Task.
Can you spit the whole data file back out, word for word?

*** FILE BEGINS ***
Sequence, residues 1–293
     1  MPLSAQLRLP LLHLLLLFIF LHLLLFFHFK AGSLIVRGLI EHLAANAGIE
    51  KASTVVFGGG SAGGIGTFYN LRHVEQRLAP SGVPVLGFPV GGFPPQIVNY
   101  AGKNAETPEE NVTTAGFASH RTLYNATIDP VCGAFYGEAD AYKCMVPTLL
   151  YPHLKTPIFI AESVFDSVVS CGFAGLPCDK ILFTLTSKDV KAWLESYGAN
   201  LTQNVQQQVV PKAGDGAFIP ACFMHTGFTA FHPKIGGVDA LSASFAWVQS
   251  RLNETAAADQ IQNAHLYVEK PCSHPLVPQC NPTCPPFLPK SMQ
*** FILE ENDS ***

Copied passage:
Sequence, residues 1–293
     1  MPLSAQLRLP LLHLLLLFIF LHLLLFFHFK AGSLIVRGLI EHLAANAGIE
    51  KASTVVFGGG SAGGIGTFYN LRHVEQRLAP SGVPVLGFPV GGFPPQIVNY
   101  AGKNAETPEE NVTTAGFASH RTLYNATIDP VCGAFYGEAD AYKCMVPTLL
   151  YPHLKTPIFI AESVFDSVVS CGFAGLPCDK ILFTLTSKDV KAWLESYGAN
   201  LTQNVQQQVV PKAGDGAFIP ACFMHTGFTA FHPKIGGVDA LSASFAWVQS
   251  RLNETAAADQ IQNAHLYVEK PCSHPLVPQC NPTCPPFLPK SMQ